Are Interpol red notices being abused?

Interpol red notices have been a regular feature in the press in recent months – for example, the temporary arrest of Bill Browder – but what are they and should we be concerned about their increased use? 

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Christopher David and Nicholas Hearn

In simple terms, a red notice is an electronic wanted poster requested by one of Interpol’s 190 national police force members. It is circulated to all other members and asks them to ‘seek the location of a wanted person and his/her detention, arrest or restriction of movement for the purpose of extradition, surrender or similar lawful action’. 

Interpol issued more than 13,000 red notice requests last year – approximately three every two hours – compared with just 3,000 a decade ago. This rise is predominantly due to the increase in cross-border crime, but it may also be linked to a worrying trend of some states using red notices as a political weapon.

Interpol’s constitution forbids ‘any intervention or activities of a political, military, religious or racial character’. This firm position can be traced back to the second world war, when the Nazi regime transferred the Vienna-headquartered organisation to Berlin. Although there is little evidence about what the Nazis did with this early form of Interpol, the events of the war and the ability of a totalitarian regime to take complete control of the organisation had a profound impact on the subsequent development of Interpol, in particular its determination to demonstrate and maintain political neutrality.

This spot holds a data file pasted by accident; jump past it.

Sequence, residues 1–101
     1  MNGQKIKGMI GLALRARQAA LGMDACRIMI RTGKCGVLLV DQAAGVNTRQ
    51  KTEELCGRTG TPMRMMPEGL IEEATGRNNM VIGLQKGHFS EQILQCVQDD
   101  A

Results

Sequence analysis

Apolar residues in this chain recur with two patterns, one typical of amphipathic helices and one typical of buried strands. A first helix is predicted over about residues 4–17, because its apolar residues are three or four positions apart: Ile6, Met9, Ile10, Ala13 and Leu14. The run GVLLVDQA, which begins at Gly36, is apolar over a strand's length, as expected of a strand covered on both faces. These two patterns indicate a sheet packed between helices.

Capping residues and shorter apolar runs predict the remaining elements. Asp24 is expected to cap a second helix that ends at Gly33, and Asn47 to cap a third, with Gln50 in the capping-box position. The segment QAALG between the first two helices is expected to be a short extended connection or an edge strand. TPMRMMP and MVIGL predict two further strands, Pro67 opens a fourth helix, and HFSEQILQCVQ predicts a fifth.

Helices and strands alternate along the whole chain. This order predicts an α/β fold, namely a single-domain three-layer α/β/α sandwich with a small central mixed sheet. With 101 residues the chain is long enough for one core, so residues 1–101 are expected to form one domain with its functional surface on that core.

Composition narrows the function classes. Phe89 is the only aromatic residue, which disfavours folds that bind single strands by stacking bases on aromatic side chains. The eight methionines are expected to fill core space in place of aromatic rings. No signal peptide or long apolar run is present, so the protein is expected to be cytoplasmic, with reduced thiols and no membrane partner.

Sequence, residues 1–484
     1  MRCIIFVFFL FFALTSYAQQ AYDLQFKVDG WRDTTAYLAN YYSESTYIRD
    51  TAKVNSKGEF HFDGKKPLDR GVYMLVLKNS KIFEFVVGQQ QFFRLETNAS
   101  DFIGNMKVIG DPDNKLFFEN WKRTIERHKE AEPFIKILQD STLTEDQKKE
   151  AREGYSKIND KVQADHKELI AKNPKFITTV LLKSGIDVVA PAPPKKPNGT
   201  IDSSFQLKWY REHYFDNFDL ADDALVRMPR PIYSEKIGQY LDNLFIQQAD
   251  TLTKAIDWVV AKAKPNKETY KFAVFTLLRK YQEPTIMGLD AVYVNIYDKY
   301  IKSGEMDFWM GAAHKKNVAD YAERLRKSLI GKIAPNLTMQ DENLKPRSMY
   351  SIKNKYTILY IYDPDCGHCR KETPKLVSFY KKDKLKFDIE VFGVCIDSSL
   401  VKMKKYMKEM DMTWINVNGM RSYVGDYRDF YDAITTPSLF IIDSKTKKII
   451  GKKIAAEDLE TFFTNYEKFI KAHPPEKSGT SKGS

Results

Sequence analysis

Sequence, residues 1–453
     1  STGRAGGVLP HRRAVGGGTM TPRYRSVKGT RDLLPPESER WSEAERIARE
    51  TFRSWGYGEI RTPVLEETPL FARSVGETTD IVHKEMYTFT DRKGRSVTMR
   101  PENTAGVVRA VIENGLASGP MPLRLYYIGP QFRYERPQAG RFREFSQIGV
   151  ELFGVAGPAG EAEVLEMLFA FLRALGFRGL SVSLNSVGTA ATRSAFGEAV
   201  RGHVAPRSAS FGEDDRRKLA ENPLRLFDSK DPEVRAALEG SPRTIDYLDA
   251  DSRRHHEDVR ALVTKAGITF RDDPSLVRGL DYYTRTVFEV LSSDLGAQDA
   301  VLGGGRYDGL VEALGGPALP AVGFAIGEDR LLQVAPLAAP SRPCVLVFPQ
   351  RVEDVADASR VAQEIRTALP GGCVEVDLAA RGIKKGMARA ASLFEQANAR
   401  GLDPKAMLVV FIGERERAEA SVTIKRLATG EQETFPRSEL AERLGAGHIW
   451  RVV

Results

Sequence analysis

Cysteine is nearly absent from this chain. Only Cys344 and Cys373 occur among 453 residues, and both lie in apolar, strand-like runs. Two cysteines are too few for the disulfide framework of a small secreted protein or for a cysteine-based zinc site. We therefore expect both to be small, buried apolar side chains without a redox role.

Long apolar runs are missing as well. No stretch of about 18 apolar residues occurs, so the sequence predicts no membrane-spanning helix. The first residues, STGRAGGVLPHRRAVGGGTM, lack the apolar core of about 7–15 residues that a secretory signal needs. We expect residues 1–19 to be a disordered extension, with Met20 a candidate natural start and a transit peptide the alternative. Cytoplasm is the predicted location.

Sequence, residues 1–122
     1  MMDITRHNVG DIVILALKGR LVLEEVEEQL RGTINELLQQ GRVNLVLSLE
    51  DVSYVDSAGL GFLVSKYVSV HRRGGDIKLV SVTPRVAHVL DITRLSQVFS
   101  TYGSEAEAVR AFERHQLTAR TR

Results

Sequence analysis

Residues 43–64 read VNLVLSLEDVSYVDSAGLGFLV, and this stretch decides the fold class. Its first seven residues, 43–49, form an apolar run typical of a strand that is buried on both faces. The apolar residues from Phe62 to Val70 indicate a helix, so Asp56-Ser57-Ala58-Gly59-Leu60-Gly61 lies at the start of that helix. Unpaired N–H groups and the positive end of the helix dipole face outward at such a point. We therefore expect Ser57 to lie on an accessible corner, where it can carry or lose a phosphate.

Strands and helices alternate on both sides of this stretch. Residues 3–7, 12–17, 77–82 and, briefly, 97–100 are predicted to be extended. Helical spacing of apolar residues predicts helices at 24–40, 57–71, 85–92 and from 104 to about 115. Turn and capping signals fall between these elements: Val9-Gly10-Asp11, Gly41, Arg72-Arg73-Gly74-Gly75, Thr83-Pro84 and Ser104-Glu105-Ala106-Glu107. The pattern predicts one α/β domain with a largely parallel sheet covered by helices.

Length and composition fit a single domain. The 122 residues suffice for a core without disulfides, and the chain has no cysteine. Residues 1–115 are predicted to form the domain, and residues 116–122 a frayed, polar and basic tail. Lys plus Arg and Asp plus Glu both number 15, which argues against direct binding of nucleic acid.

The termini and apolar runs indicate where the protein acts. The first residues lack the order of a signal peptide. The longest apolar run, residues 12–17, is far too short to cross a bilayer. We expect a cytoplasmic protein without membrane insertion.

Notwithstanding this stated commitment to remain apolitical, there have been several recent attempts to misuse red notices. 

In July, President Trump met with President Putin in Helsinki. At the post-summit press conference, President Putin named Bill Browder, the CEO and co-founder of Hermitage Capital Management, as a person of interest to the Russian authorities. Browder has been a long-term, vocal critic of President Putin, since the death in custody of Browder’s accountant, Sergei Magnitsky, following his discovery of an alleged massive tax fraud by Russian government officials.